The use of research evidence to inform health policy is strongly promoted [1]. This drive has developed with increased pressure on healthcare organisations to deliver the most effective health services in an efficient and equitable manner [2]. Policy and management decisions influence the ability of health services to improve societal outcomes by allocating resources to meet health needs [3]. These decisions are more likely to improve outcomes in a cost-efficient manner when they are based on the best available evidence [48].

Evidence-informed decision-making refers to the complex process of considering the best available evidence from a broad range of information when delivering health services [1, 9, 10]. Policy and management decisions can be influenced by economic constraints, community views, organisational priorities, political climate, and ideological factors [1116]. While these elements are all important in the decision-making process, without the support of research evidence they are an insufficient basis for decisions that affect the lives of others [17, 18].

Recently, increased attention has been given to implementation research to reduce the gap between research evidence and healthcare decision-making [19]. This growing but poorly understood field of science aims to improve the uptake of research evidence in healthcare decision-making [20]. Research implementation strategies such as knowledge brokerage and education workshops promote the uptake of research findings into health services. These strategies have the potential to create systematic, structural improvements in healthcare delivery [21]. However, many barriers exist to successful implementation [22, 23]. Individuals and health services face financial disincentives, lack of time or awareness of large evidence resources, limited critical appraisal skills, and difficulties applying evidence in context [2430].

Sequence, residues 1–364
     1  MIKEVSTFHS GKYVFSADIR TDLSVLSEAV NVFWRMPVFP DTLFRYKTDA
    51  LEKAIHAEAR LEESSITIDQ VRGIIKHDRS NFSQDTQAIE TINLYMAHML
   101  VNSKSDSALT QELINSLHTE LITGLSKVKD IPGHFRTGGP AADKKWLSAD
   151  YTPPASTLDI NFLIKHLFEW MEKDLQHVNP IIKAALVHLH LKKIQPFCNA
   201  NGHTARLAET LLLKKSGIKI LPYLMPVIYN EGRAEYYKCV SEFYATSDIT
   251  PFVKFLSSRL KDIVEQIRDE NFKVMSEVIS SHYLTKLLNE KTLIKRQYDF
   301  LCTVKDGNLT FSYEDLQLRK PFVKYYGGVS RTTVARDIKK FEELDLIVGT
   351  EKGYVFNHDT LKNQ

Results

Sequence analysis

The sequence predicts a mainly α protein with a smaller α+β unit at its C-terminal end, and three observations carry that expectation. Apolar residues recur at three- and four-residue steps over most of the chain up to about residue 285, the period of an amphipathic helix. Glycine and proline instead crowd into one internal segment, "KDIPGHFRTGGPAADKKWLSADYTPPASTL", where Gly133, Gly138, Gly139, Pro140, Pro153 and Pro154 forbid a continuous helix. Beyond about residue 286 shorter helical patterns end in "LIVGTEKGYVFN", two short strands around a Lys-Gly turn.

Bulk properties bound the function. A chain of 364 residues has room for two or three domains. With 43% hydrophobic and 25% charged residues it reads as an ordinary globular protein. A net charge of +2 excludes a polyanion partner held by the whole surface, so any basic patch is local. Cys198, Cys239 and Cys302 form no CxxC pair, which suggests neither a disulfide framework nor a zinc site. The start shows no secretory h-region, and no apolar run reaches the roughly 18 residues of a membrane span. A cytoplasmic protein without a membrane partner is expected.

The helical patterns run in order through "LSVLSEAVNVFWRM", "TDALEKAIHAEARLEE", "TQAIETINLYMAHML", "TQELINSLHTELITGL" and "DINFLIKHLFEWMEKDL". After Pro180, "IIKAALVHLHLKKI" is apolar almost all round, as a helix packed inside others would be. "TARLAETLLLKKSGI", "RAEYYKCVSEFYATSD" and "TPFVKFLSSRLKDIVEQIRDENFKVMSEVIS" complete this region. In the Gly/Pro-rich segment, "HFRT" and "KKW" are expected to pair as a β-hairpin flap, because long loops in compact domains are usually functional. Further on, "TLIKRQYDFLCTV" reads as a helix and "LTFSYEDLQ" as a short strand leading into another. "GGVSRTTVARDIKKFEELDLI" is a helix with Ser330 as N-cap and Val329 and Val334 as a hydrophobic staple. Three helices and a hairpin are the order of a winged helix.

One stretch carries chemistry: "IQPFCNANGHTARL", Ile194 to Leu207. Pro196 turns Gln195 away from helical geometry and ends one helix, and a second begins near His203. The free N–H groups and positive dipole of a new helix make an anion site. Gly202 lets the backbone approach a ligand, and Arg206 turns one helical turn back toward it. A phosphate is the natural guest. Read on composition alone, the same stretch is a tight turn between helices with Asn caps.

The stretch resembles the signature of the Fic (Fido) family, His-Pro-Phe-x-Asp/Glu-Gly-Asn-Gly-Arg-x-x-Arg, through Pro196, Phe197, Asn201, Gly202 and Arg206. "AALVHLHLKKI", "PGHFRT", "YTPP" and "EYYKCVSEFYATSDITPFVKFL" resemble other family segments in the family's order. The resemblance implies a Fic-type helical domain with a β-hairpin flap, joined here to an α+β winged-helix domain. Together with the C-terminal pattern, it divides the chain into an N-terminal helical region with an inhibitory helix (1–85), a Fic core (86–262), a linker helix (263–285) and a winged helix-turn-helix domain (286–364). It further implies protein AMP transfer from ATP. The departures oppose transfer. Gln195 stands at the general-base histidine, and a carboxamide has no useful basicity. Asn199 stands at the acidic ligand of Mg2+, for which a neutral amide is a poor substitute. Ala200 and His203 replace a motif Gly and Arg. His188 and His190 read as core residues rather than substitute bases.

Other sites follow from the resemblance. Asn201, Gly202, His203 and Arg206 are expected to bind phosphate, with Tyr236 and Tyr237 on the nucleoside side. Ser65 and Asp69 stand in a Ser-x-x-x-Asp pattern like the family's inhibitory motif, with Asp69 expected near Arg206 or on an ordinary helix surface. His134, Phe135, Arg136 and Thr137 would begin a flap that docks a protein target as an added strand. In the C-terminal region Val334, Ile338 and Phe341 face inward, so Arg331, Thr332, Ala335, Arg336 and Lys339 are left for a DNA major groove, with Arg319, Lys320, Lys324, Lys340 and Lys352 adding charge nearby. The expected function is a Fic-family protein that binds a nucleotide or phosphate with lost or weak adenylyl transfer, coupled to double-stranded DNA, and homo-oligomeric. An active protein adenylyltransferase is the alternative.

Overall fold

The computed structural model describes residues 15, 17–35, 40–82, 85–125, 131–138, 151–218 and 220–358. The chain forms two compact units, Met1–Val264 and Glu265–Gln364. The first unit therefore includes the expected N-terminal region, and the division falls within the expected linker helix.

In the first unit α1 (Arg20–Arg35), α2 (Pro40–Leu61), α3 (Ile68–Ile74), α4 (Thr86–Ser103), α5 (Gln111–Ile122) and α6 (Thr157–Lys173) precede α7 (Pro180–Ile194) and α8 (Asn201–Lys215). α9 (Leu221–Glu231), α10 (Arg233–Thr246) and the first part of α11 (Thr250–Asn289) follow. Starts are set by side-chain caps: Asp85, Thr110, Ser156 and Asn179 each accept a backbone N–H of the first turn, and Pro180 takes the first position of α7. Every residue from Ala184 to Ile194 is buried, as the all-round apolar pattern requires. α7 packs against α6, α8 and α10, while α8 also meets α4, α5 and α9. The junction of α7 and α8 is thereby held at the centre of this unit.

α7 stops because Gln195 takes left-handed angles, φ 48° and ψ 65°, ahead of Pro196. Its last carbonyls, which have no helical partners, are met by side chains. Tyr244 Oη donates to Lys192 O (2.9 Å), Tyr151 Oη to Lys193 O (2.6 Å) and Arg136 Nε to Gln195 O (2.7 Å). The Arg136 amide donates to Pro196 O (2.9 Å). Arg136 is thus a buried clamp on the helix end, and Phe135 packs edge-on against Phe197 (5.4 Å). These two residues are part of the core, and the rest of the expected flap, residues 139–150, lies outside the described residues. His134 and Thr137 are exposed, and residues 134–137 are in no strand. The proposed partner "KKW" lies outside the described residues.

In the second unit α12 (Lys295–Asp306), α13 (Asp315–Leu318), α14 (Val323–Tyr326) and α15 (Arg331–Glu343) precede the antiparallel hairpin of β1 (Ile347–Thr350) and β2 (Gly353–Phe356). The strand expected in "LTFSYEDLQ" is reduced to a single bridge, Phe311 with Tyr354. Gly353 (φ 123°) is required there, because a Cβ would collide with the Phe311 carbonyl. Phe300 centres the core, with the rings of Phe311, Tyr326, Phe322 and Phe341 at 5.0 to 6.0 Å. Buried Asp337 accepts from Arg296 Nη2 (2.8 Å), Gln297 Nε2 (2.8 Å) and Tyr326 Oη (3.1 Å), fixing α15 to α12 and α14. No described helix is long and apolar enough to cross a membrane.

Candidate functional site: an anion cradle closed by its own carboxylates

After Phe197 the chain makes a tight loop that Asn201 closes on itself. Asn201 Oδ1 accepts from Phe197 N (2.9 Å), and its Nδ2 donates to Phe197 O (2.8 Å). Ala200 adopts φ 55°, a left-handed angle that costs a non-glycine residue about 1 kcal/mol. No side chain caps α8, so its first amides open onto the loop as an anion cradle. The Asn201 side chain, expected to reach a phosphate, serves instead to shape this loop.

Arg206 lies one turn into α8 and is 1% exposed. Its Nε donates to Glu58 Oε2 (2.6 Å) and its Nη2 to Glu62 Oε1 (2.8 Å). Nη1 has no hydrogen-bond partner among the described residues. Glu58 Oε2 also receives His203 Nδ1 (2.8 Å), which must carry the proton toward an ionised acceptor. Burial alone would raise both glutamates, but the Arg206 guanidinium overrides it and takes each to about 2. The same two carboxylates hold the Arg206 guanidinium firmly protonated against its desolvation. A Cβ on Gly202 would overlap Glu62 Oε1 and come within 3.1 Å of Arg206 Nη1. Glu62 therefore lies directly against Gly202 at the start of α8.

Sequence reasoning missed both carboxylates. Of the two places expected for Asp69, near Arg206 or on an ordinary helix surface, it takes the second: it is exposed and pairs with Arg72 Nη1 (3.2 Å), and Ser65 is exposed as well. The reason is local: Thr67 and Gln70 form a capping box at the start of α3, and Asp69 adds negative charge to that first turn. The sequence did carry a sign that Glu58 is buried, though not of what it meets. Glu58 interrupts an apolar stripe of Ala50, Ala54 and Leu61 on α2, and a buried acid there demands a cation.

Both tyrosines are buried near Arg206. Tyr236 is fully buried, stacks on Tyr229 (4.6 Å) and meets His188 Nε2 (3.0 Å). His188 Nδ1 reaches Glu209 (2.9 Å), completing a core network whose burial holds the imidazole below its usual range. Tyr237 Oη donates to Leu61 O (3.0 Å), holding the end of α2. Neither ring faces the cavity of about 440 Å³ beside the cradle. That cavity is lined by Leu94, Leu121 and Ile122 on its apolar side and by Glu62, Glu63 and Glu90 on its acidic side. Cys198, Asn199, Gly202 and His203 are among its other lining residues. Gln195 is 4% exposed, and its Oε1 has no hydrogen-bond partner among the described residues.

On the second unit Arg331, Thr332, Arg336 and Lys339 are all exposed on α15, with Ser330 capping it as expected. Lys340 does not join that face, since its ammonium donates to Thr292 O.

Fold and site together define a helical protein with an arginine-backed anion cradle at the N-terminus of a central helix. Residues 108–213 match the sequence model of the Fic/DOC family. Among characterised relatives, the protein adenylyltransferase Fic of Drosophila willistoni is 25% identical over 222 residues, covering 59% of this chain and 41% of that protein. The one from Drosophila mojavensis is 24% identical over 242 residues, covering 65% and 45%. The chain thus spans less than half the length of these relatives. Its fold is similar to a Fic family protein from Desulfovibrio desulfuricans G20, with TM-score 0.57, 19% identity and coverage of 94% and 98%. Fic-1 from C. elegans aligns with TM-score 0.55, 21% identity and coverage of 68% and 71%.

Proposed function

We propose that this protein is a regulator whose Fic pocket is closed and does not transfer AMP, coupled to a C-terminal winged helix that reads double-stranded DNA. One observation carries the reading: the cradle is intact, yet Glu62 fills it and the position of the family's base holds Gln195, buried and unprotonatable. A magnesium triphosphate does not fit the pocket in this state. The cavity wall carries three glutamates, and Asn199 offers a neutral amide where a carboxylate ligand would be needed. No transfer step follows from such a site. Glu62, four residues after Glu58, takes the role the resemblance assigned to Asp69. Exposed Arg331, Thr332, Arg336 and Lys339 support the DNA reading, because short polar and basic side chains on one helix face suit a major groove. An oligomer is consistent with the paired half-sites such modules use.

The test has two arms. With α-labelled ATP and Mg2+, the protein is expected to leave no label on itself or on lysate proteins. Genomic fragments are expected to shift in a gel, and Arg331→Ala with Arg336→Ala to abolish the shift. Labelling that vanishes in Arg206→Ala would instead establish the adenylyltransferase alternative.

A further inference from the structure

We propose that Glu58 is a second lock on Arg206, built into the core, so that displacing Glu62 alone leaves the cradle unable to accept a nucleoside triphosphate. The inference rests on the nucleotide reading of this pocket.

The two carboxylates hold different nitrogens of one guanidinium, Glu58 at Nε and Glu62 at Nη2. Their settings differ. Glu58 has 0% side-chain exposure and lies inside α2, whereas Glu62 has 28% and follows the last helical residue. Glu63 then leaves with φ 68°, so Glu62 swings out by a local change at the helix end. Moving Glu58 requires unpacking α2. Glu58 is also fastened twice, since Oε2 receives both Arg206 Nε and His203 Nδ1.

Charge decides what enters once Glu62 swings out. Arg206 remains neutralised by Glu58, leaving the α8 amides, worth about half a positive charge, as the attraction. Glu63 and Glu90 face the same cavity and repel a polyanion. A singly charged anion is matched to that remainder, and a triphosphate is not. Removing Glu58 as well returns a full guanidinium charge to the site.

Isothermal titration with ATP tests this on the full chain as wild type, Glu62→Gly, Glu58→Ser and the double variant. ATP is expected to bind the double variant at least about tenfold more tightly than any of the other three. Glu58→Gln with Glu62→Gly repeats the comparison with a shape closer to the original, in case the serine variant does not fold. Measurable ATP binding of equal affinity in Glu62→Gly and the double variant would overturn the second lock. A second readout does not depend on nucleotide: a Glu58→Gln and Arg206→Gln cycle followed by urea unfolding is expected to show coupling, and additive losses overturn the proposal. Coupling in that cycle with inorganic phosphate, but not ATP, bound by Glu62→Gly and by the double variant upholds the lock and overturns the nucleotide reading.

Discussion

It is important to evaluate the effectiveness of implementation strategies and the inter-relating factors perceived to be associated with effective strategies. Previous reviews on health policy and management decisions have focussed on implementing evidence from single sources such as systematic reviews [29, 31]. Strategies that involved simple written information on accomplishable change may be successful in health areas where there is already awareness of evidence supporting practice change [29]. Re-conceptualisation or improved methodological rigor has been suggested by Mitton et al. to produce a richer evidence base for future evaluation, however only one high-quality randomised controlled trial has been identified since [9, 32, 33]. As such, an updated review of emerging research in this topic is needed to inform the selection of research implementation strategies in health policy and management decisions.

The primary aim of this systematic review was to evaluate the effectiveness of research implementation strategies for promoting evidence-informed policy and management decisions in healthcare. A secondary aim of the review was to describe factors perceived to be associated with effective strategies and the inter-relationship between these factors.

Methods

Identification and selection of studies